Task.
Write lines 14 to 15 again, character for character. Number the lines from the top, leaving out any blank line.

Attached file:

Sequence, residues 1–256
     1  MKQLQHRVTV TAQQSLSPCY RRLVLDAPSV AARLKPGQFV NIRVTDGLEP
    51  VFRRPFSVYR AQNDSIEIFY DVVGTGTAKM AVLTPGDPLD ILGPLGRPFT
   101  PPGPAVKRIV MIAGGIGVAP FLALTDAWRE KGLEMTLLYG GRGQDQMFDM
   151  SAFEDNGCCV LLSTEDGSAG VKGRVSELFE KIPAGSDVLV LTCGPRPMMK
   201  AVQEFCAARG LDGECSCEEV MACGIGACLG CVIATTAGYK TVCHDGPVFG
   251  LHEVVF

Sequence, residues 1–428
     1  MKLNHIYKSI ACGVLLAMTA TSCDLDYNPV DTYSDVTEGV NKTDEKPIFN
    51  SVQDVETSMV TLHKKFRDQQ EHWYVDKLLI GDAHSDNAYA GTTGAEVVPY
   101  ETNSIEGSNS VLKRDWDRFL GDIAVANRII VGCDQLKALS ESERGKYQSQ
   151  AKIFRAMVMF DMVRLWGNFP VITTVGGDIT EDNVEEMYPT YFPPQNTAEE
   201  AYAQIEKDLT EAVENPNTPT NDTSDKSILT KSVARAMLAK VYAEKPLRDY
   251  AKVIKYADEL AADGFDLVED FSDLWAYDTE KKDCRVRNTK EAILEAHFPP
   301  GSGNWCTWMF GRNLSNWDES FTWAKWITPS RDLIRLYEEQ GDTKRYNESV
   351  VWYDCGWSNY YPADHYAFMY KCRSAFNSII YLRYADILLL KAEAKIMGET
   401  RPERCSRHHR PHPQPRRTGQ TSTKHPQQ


   251  AKVIKYADEL AADGFDLVED FSDLWAYDTE KKDCRVRNTK EAILEAHFPP
   301  GSGNWCTWMF GRNLSNWDES FTWAKWITPS RDLIRLYEEQ GDTKRYNESV